Press Release
August 18, 2011
3 minute read


By Beth Fitzgerald/NJBIZ
August 18, 2011

It’s unlikely that the nation will fall back into a recession, William C. Dudley, CEO of the Federal Reserve Bank of New York, said Thursday in a speech to business leaders at the New Jersey Performing Arts Center, in Newark.

Dudley reported an encouraging May survey of small businesses: more than two-thirds reported stable or increased sales in the first quarter of 2011, up from 50 percent last year. “When asked about their future outlook, while the majority of business owners, 56 percent, were neutral, many more said they were optimistic than pessimistic — 37 percent compared with only 7 percent.”

A recession is unlikely because “even though financial conditions haven’t returned to normal, they are a lot better than they were a year ago, and a year ago was a lot better than three years ago,” he said. “If we do a survey of banks and we ask them about their credit standards — whether they are tightening or loosening their credit standards — they have been on a loosening path now for quite a few months, so it looks to us like credit availability is improving.”

He talked about the critical role of the New York Fed’s bank examiners, who scrutinize bank lending practices. “It is very important when our examiners go to banks that they don’t let the needle swing too far over to conservative in terms of lending practices,” Dudley said. “Obviously, banks have to make their business decisions. We do have a role in making sure our examiners don’t overdo it. We have been very clear that we do not want to impede the ability of banks to make good solid loans to businesses.”

Another argument against another recession: “The sectors of the economy that typically drive you into recession are already very depressed,” Dudley said. “Housing activity is already very depressed; auto sales are quite low relative to what they are historically. So, if the cyclical sectors have already gone down, it’s much harder for them to go down further, so I think that also argues very much against a recession.”

Dudley’s speech concluded just prior to the 9:30 a.m. start of trading on the New York Stock Exchange, which saw a dramatic selloff that analysts said was ignited in part by global economic weakness. At about 1:30 p.m., the Dow Jones Industrial Average was down more than 400 points, and the S&P 500 was down more than 4 percent.

Dudley addressed about 150 at the NJPAC Business Partners Roundtable, a series of quarterly events that bring business leaders together for networking and to hear keynote presentations from corporate and government leaders.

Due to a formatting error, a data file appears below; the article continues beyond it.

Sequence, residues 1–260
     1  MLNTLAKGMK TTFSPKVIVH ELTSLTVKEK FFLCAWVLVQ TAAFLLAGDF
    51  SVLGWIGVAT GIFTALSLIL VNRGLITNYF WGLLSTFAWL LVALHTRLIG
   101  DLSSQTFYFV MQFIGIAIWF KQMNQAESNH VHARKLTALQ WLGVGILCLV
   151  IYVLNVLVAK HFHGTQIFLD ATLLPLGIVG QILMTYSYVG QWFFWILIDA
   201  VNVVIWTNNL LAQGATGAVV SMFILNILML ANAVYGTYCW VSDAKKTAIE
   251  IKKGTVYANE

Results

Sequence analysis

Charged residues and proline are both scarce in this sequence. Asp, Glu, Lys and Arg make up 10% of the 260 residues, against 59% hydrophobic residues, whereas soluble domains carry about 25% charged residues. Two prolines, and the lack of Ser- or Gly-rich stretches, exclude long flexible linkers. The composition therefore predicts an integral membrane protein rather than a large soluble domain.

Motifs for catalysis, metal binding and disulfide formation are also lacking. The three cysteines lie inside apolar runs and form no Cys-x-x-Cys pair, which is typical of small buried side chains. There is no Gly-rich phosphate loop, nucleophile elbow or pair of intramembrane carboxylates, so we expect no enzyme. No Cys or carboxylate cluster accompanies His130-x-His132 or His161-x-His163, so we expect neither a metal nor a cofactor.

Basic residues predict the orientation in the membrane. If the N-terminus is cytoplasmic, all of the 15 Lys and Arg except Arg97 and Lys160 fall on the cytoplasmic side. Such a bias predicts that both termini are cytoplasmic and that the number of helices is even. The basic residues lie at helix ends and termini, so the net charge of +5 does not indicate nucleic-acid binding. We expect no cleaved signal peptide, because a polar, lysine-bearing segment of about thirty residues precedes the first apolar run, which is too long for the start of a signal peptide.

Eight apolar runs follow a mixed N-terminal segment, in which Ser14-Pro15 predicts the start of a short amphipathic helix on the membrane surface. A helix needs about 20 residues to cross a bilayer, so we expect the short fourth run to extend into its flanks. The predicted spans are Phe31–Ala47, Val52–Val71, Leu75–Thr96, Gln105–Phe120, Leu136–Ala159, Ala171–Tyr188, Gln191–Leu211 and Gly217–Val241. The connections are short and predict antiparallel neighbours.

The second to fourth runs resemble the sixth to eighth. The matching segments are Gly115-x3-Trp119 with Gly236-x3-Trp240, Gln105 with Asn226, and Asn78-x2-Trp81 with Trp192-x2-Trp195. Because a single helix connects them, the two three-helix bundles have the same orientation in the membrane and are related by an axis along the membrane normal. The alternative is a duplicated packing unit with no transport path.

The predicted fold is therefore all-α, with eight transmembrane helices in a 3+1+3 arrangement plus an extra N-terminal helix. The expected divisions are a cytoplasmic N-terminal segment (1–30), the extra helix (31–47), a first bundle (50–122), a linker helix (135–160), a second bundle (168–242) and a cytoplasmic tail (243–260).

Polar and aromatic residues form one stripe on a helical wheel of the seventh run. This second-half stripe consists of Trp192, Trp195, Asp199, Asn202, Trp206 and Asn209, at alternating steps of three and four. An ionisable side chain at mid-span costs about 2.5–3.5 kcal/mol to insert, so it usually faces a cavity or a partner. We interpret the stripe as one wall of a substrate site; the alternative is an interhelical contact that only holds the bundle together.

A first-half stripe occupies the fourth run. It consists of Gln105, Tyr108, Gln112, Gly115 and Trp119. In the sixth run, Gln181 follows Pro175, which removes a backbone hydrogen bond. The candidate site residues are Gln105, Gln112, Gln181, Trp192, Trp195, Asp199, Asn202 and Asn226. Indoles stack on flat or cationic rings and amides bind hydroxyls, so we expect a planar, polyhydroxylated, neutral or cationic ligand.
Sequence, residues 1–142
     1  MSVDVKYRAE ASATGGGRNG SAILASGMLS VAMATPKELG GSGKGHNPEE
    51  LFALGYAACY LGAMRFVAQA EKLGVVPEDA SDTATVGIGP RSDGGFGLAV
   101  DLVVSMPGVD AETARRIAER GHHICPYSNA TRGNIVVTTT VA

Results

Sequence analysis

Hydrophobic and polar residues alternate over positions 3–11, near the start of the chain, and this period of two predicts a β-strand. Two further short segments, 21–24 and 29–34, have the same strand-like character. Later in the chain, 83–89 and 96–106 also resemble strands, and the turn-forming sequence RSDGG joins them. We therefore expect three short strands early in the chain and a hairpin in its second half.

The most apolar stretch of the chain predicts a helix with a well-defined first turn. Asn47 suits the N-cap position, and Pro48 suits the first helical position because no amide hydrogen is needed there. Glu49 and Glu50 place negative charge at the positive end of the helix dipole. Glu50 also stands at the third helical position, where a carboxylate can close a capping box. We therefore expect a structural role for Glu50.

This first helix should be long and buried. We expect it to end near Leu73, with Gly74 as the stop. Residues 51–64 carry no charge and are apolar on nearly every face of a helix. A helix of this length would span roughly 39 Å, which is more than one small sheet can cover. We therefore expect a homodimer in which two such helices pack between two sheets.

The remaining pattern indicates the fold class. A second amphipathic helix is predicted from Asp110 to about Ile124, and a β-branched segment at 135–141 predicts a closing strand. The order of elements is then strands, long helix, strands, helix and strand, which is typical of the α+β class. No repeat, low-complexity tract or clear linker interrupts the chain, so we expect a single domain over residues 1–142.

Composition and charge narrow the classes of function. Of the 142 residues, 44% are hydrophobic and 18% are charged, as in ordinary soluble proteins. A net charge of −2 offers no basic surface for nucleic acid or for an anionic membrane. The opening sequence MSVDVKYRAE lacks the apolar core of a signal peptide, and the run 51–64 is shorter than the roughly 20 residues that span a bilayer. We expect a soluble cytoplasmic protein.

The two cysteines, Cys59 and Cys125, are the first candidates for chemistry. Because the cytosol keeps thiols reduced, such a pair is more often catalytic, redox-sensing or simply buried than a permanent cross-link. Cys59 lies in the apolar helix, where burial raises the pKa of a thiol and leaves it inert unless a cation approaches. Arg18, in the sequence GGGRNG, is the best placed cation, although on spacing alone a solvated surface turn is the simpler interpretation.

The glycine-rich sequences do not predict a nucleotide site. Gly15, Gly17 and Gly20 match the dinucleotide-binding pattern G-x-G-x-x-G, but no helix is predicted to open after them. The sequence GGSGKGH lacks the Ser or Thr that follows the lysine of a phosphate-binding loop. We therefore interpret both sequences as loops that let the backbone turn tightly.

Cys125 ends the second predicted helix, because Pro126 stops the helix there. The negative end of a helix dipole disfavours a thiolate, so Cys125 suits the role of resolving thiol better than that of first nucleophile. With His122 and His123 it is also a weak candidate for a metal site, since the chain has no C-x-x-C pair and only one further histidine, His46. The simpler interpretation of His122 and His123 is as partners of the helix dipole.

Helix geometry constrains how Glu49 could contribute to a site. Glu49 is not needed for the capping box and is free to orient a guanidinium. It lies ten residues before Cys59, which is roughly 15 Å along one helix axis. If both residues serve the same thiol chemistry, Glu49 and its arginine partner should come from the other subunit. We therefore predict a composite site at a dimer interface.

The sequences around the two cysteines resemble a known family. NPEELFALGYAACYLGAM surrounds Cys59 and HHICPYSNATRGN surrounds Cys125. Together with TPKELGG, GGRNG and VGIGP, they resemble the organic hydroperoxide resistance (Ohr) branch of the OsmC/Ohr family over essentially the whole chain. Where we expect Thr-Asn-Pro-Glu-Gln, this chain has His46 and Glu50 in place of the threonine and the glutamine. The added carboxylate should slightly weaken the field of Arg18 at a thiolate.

Dudley said reluctance by businesses to expand is hindering the economy. “If you talk to businesses they will say, ‘we’re in pretty good shape, we’re making money,’ and then we ask, ‘are you hiring?’ Some are expanding, but there are some that are holding back, and I think holding back is really an important factor in terms of why we’re not getting more traction. When you have a financial crisis of the type that we had, it’s just harder to recover.” He said households are reducing debt and, “It’s that financial retrenchment that makes it harder for the economy to pick up speed. The good news is that we are well into that financial retrenchment,” but the current high rates of delinquency and foreclosure suggest, “we are not yet at the end of that process. So it’s still a headwind that the economy faces.”

New Jersey, Dudley said, “is well-positioned for growth,” with its highly diverse economy and a population where more than 40 percent of those over 25 have a college degree. But the state lost 250,000 jobs in the recession, and the employment comeback has been sluggish. Jobs have returned in professional and business services, education and health, and leisure and hospitality, but the state is losing jobs in manufacturing, residential construction, and state and local government.

“Underneath the slow overall job growth, however, there is a considerable amount of churning in the labor market,” Dudley said. “Job creation in the state and the nation since the recession ended has been closely balanced between hiring into industries that lost jobs during the recession and jobs in expanding industries. Thus, many unemployed workers may be returning to work without needing to retrain or look far afield from the job they lost. However, an equal number may need to search outside the industry they know best and this may require retraining in some cases. Thus, the need for job search assistance and training opportunities is likely to be high in New Jersey and the nation in the near term.”

Serious financial pressures persist: 7.4 percent of all debt in New Jersey is delinquent, about the same rate as the nation, Dudley said.

“While there have been indications that home prices in the area have been firming in the past few months, the mortgage crisis continues to take a toll on New Jersey homeowners. As of March of this year, 10 percent of all borrowers in the state were either 90-plus days delinquent on their mortgages or their homes were in foreclosure — above the national rate of 7.7 percent,” Dudley said.